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Islam Stand Brings Rebuke

Evangelical Christians say remarks by the Rev. Franklin Graham and others imply that the war on terrorism is a crusade.

May 10, 2003|From Associated Press

WASHINGTON — In an unusual public rebuke, leading evangelical Christians this week condemned derogatory statements about Islam by the Rev. Franklin Graham and other fellow religious conservatives.

The evangelicals, at a meeting Wednesday, said the derisive comments endangered Christian missionaries in the Muslim world, strained already tense interfaith relations and fed the perception in the Mideast and beyond that the war on terrorism is a Christian crusade against Islam.

"We must temper our speech," said the Rev. Ted Haggard, president of the National Assn. of Evangelicals, which represents more than 43,000 congregations and helped organize the meeting. "There has to be a way to do good works without raising alarms."

After the Sept. 11 attacks, Graham called Islam "a very evil and wicked religion." Last summer, the Rev. Jerry Vines, a former president of the Southern Baptist Convention, called the prophet Muhammad "a demon-possessed pedophile."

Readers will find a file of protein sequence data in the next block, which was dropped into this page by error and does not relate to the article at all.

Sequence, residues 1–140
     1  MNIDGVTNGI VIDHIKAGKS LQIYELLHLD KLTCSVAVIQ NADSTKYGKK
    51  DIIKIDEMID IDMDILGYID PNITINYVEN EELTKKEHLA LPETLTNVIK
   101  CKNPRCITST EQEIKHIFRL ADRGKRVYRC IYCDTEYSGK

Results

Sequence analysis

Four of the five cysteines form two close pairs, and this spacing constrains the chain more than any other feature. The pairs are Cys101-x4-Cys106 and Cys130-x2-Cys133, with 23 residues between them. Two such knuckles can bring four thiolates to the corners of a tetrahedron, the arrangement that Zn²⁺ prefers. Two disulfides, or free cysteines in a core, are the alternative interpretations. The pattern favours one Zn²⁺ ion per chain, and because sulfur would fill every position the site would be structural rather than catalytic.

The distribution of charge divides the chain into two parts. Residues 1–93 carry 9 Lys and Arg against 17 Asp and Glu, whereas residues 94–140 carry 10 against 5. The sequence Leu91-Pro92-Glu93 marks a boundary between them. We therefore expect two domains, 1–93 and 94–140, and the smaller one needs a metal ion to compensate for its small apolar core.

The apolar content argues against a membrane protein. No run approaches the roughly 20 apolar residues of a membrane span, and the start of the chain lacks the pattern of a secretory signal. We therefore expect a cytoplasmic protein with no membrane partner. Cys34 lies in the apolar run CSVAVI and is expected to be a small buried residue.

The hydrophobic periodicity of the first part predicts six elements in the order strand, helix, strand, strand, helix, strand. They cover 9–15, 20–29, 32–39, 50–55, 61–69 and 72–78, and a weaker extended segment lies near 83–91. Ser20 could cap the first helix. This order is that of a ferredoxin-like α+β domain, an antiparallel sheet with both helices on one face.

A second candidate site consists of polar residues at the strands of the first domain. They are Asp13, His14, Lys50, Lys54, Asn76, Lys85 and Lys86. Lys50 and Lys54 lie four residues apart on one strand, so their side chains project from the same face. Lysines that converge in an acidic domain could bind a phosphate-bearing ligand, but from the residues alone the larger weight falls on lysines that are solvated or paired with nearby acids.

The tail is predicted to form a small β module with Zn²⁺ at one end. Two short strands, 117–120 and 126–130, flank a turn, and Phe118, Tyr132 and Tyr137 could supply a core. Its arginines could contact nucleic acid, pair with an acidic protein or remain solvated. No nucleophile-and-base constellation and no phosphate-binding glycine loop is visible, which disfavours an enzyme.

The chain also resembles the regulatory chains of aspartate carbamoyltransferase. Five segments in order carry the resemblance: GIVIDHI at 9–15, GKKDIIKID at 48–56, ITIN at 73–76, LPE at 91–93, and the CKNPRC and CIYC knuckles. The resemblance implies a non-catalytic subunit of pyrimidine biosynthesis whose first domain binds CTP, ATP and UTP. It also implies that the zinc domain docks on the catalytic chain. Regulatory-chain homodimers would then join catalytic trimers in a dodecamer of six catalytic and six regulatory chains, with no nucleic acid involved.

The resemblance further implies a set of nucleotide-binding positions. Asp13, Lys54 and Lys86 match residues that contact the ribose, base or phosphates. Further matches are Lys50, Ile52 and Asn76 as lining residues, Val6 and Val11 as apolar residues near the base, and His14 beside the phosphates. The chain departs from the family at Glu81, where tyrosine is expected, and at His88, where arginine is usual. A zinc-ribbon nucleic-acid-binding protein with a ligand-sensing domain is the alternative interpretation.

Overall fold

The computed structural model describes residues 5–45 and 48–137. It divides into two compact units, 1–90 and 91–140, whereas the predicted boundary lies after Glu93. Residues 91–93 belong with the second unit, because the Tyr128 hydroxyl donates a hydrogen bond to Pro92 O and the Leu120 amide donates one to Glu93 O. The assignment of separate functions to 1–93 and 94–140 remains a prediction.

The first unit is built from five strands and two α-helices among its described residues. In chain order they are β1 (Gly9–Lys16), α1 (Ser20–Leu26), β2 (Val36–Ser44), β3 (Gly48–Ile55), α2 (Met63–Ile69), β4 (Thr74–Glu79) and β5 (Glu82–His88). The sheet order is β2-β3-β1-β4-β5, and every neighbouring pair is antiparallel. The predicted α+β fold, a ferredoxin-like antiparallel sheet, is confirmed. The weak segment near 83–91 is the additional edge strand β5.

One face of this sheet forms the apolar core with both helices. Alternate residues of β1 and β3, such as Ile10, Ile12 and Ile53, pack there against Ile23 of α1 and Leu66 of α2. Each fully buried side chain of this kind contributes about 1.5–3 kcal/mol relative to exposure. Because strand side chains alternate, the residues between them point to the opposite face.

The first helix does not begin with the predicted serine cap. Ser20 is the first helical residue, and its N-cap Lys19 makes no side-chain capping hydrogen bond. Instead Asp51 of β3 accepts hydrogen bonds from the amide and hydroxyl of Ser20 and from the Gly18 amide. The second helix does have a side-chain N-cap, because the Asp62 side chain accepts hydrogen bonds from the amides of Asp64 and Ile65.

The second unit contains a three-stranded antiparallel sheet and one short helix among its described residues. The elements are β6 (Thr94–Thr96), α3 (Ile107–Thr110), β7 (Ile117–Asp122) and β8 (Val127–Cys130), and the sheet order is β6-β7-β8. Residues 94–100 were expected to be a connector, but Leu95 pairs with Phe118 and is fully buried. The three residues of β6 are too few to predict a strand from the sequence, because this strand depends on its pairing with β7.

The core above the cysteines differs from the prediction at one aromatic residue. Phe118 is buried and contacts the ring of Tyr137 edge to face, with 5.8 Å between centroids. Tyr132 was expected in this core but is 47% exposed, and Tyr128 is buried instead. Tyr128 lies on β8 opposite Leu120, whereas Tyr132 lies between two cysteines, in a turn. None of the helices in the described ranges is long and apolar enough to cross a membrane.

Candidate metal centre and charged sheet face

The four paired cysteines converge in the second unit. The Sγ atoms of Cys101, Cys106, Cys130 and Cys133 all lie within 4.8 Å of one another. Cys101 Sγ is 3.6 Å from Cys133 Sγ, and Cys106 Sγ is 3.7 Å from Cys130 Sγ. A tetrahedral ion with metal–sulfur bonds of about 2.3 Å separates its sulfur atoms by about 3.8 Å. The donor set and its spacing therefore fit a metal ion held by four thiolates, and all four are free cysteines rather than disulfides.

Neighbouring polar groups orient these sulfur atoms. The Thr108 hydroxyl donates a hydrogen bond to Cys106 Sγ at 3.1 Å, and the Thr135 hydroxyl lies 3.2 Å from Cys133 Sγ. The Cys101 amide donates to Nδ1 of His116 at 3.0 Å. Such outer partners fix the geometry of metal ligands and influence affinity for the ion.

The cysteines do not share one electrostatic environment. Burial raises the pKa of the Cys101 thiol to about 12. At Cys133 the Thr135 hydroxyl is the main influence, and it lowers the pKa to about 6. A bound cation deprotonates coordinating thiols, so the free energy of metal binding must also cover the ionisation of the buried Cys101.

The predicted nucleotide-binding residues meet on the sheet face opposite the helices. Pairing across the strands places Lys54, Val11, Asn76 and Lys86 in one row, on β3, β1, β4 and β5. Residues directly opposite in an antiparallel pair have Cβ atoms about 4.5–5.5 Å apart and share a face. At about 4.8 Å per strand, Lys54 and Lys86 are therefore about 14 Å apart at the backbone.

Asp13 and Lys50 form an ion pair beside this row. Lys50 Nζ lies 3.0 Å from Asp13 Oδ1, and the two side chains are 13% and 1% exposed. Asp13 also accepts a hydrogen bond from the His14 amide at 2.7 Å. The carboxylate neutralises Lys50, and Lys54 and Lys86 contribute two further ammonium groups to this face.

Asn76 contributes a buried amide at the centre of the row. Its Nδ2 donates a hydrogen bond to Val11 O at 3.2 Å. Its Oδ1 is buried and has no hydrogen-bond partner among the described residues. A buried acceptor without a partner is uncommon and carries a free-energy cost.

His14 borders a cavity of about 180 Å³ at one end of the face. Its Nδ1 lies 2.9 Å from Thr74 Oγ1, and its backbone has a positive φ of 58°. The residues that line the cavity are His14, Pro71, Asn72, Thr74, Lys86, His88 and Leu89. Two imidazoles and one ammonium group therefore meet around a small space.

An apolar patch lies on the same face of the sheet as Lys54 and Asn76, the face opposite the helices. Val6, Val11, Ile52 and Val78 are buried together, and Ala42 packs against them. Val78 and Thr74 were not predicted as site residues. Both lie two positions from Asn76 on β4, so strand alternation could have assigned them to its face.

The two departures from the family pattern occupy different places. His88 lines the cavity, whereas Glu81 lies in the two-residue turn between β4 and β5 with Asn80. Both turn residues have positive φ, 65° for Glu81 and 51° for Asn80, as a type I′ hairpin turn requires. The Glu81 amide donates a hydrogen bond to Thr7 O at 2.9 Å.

The Revs. Jerry Falwell and Pat Robertson also have criticized the religion.

Paul Marshall, senior fellow at the Center for Religious Freedom, a human rights group, said anti-Islam comments serve only to antagonize people.

"Exactly what is to be achieved by that, except boosting the ego of who said it?" he asked.

Clive Calver, president of World Vision, the humanitarian relief arm of the evangelical association, said all of the statements have placed lives and livelihoods at risk overseas, where missionaries have become targets of Muslim extremists.

Graham, in San Diego for a mission led by his father, the Rev. Billy Graham, was not available for comment, said his spokesman, Jeremy Blume.

Hodan Hassan, a spokeswoman for the Council on American-Islamic Relations, which is among Graham's harshest critics, said she was encouraged by Wednesday's meeting.

"We can understand theological differences but what's important is that the dialogue is one of respect, not demonization," Hassan said.

No Muslims participated in the event, although a local mosque director was invited.

To repair the damage to relations with Muslims, the evangelical group and the Institute on Religion and Democracy, a conservative Christian organization, are drafting guidelines to begin interfaith dialogue with Islamic leaders. While Muslim leaders have been meeting regularly with liberal Protestants, no such national dialogue has taken place with evangelical Christians.

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